Fuyuko Matsui’s shocking yet attractive paintings have garnered her much attention as a modern nihonga (Japanese-style) artist. This retrospective explores Mutsui’s past work and aspirations for the future.
Matsui is one the first women to graduate Tokyo University of the Arts with a doctorate in nihonga. She focused on the depiction of spiritual and physical pain while expressing femininity, fear, death and life.
While some of her grotesque motifs, such as maimed female bodies, originate from traditional Japanese paintings, Matsui’s personal perspective provides a new direction for a traditional form of art; till Mar. 18.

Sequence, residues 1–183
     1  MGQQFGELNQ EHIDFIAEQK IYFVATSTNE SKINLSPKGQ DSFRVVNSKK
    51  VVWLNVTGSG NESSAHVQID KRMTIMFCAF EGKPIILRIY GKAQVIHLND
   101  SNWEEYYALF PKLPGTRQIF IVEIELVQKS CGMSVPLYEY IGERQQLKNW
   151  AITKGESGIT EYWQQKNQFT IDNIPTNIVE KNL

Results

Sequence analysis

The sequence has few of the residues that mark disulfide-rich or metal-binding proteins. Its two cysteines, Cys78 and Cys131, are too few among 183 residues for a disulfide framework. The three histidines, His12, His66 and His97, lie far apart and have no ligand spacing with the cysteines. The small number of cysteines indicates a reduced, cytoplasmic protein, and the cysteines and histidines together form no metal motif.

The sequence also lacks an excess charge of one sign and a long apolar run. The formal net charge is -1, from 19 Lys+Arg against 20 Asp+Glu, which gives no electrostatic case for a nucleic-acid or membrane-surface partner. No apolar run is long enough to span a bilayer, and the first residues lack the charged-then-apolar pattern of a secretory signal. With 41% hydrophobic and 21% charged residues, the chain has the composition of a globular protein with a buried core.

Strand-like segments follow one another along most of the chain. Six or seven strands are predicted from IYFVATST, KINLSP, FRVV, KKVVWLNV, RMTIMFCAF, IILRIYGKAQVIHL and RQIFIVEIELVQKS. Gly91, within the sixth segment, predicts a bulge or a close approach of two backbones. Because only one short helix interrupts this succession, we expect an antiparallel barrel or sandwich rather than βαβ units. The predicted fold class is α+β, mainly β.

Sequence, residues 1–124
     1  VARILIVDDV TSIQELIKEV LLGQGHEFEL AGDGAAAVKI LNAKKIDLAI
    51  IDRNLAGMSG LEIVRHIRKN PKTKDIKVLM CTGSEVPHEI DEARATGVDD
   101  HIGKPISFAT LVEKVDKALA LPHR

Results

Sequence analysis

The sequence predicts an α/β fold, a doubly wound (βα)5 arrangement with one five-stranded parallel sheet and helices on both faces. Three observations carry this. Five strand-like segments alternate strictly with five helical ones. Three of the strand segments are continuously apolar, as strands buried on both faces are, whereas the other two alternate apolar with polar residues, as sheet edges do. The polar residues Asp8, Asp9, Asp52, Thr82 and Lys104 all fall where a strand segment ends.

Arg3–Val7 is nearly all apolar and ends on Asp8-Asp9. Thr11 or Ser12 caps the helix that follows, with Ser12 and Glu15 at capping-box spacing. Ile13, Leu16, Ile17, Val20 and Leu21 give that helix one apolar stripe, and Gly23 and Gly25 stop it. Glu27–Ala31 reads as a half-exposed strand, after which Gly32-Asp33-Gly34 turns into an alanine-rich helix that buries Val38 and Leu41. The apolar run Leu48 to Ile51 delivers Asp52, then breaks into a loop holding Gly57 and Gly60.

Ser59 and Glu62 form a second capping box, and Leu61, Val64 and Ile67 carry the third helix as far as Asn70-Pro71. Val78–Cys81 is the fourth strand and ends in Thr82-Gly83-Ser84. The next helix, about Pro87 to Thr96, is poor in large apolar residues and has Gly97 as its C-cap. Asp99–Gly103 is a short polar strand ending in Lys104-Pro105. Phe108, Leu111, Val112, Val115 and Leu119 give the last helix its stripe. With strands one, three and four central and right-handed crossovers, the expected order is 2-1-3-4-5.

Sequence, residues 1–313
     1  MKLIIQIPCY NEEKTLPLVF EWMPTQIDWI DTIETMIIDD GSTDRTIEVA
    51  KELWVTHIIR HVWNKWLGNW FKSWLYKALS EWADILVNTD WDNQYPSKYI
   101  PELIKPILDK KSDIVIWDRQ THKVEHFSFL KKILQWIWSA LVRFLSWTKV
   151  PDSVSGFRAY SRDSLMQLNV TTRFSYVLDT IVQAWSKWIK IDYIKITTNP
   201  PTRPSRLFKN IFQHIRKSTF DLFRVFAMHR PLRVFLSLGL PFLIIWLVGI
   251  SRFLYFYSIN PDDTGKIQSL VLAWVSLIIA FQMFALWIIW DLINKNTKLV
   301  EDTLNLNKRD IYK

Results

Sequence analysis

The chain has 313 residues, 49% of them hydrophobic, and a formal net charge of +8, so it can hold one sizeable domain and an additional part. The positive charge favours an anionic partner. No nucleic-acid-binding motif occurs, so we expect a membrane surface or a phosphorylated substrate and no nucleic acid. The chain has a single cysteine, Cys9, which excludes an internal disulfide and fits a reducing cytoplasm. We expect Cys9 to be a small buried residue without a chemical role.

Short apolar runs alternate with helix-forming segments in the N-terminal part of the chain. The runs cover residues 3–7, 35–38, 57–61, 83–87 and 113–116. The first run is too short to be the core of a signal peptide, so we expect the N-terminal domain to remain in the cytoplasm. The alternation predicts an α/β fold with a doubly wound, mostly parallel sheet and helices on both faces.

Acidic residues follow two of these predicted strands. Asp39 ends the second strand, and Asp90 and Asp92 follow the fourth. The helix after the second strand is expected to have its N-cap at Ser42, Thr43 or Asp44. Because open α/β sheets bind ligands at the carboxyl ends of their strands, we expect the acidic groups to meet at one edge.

Yokohama Museum of Art; (045) 221-0300; 3-4-1 Minatomirai, Nishi-ku, Yokohama-shi, Kanagawa; 5-min. walk from Exit 5 of Minatomirai Station, Tokyu Toyoko Line. 10-min. walk from Sakuragicho Station, JR lines. 10 a.m.-6 p.m. ¥1,100. Closed Thu. and Dec. 29 to Jan. 3. www.yaf.or.jp/yma.